Proponents of minimum wage increases have argued that such hikes can serve as an engine of economic growth and assist low-skilled individuals during downturns in the business cycle. However, a review of the literature provides little empirical support for these claims. Minimum wage increases redistribute gross domestic product away from lower-skilled industries and toward higher-skilled industries and are largely ineffective in assisting the poor during both peaks and troughs in the business cycle. Minimum wage-induced reductions in employment are found to be larger during economic recessions.

Wage coordination in new and old EU member states

Stronger wage coordination and higher union density are associated with lower unemployment and higher inflation

10.15185/izawol.222 222 Rovelli, R

by Riccardo Rovelli

Aside from employment protection laws, which have been converging, other labor market institutions in new and old EU member states, such as wage bargaining coordination and labor union density, still differ considerably. These labor market institutions also differ among the new EU member states, with the Baltic countries being much more liberal than the others. Research that pools data on old and new EU member states shows that wage coordination mechanisms can improve a country’s macroeconomic performance. Stronger wage coordination and higher union density reduce the response of inflation to the business cycle.

Do skills matter for wage inequality?

Policies to tackle wage inequality should focus on skills alongside reform of labor market institutions

10.15185/izawol.232 232 Broecke, S

by Stijn Broecke

Policymakers in many OECD countries are increasingly concerned about high and rising inequality. Much of the evidence (as far back as Adam Smith’s The Wealth of Nations) points to the importance of skills in tackling wage inequality. Yet a recent strand of the research argues that (cognitive) skills explain little of the cross-country differences in wage inequality. Does this challenge the received wisdom on the relationship between skills and wage inequality? No, because this recent research fails to account for the fact that the price of skill (and thus wage inequality) is determined to a large extent by the match of skill supply and demand.

The effects of minimum wages on youth employment and income

Minimum wages reduce entry-level jobs, training, and lifetime income

10.15185/izawol.243 243 Kalenkoski, C

by Charlene Marie Kalenkoski

Policymakers often propose a minimum wage as a means of raising incomes and lifting workers out of poverty. However, improvements in some young workers’ incomes as a result of a minimum wage come at a cost to others. Minimum wages reduce employment opportunities for youths and create unemployment. Workers miss out on 
on-the-job training opportunities that would have been paid for by reduced wages upfront but would have resulted in higher wages later. Youths who cannot find jobs must be supported by their families or by the social welfare system. Delayed entry into the labor market reduces the lifetime income stream of young unskilled workers.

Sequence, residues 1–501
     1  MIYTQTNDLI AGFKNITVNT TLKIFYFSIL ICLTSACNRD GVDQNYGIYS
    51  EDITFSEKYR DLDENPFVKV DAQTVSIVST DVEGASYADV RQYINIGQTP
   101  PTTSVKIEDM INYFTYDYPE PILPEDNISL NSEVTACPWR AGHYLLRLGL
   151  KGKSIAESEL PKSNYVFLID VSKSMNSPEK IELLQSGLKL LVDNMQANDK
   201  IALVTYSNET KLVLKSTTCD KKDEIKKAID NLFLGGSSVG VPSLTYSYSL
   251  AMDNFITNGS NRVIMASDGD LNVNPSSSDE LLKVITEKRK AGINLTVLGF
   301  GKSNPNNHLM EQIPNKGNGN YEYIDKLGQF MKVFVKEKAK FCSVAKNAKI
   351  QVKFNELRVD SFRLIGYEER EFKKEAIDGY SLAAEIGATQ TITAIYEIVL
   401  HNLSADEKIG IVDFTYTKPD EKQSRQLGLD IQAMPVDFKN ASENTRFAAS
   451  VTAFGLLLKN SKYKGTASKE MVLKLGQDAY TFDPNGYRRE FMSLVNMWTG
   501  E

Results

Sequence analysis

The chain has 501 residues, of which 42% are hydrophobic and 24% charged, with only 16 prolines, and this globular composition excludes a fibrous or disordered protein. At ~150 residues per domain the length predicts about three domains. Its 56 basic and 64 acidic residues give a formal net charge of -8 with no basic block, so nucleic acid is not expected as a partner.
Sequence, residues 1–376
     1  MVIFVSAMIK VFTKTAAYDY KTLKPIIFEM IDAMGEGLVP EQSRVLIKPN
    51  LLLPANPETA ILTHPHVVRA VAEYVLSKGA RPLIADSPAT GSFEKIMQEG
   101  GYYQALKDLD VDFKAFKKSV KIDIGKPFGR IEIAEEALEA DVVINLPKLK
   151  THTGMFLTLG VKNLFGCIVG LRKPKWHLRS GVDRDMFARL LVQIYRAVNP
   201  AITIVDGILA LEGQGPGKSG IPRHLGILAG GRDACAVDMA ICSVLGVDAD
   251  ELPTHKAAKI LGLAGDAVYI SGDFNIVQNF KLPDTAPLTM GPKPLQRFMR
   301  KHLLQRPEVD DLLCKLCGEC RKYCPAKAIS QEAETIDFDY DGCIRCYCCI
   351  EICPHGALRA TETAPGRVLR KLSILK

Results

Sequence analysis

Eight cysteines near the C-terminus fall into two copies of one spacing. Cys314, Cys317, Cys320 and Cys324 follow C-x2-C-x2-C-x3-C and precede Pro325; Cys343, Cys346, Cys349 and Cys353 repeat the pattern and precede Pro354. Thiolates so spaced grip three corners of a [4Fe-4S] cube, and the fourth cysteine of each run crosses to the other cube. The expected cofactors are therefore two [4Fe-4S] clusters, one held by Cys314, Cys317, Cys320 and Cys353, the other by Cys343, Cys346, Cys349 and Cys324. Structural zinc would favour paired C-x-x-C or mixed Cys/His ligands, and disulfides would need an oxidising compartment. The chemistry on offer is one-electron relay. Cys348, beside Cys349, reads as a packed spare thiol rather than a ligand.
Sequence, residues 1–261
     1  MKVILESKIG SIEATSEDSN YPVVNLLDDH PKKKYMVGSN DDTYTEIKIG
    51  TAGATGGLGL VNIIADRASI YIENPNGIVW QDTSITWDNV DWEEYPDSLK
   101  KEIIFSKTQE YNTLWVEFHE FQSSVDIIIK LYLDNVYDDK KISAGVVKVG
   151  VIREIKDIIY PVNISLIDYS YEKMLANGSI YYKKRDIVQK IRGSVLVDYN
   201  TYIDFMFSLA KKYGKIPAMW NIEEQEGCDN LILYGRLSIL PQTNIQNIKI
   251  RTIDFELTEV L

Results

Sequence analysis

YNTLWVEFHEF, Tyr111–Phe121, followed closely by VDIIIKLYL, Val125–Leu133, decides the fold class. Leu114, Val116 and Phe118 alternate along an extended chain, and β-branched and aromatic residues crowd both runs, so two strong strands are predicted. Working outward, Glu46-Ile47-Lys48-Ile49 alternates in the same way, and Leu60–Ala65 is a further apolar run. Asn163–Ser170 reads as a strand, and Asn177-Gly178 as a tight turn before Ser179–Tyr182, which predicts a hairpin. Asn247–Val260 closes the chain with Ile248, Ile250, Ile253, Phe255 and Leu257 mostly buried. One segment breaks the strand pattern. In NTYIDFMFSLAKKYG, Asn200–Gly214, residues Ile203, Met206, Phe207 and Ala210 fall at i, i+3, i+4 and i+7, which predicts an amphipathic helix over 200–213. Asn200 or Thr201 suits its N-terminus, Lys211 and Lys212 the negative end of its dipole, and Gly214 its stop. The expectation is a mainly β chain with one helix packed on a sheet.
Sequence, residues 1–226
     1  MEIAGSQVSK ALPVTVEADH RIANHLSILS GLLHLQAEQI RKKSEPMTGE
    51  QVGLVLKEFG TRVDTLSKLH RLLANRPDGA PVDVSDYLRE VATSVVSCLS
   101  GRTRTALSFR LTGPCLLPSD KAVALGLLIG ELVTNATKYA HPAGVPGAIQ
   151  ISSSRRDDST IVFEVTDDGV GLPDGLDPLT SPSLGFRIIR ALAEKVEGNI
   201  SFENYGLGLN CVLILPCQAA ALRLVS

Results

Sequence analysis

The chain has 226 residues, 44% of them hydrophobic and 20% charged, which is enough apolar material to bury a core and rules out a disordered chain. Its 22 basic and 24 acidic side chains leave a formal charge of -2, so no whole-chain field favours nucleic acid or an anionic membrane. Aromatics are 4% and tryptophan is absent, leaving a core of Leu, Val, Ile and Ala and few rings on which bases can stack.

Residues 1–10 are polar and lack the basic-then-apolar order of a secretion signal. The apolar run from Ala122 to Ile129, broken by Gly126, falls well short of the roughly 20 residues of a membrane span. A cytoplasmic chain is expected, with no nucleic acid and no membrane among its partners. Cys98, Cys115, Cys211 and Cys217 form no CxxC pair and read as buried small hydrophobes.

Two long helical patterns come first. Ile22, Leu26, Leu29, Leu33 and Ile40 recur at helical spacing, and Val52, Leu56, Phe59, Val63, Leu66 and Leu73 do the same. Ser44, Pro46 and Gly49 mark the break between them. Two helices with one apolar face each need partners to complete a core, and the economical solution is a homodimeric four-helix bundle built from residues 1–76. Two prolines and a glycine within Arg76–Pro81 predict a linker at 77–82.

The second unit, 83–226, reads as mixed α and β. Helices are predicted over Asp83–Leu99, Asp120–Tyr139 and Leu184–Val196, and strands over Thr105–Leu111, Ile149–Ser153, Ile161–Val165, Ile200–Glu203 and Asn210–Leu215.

Do in-work benefits work for low-skilled workers?

To boost the employment rate of the low-skilled trapped in inactivity is it sufficient to supplement their earnings?

10.15185/izawol.246 246 Van der Linden, B

by Bruno Van der Linden

High risk of poverty and low employment rates are widespread among low-skilled groups, especially in the case of some household compositions (e.g. single mothers). “Making-work-pay” policies have been advocated for and implemented to address these issues. They alleviate the above-mentioned problems without providing a disincentive to work. However, do they deliver on their promises? If they do reduce poverty and enhance employment, can we further determine their effects on indicators of well-being, such as mental health and life satisfaction, or on the acquisition of human capital?

Corporate income taxes and entrepreneurship

The type, quality, and quantity of entrepreneurship are influenced significantly by corporate income taxes—though only slightly

10.15185/izawol.257 257 Block, J

by Jörn Block

Corporate income taxation influences the quantity and type of entrepreneurship, which in turn affects economic development. Empirical evidence shows that higher corporate income tax rates reduce business density and entrepreneurship entry rates and increase the capital size of new firms. The progressivity of tax rates increases entrepreneurship entry rates, whereas highly complex tax codes reduce them. Policymakers should understand the effects and underlying mechanisms that determine how corporate income taxation influences entrepreneurship in order to provide a favorable business environment.

Income inequality and social origins

Promoting intergenerational mobility can make societies more egalitarian

10.15185/izawol.261 261 Cappellari, L

by Lorenzo Cappellari

Income inequality has been rising in many countries. Is this bad? One way to decide is to look at the change in incomes across generations (intergenerational mobility) and, more generally, at the extent to which income differences among individuals are traceable to their social origins. Inequalities that reflect factors largely out of one’s control—such as local schools and communities—require attention in order to reduce income inequality. Evidence shows a negative association between income inequality and intergenerational mobility. The debate on whether community effects exert additional effects is still open.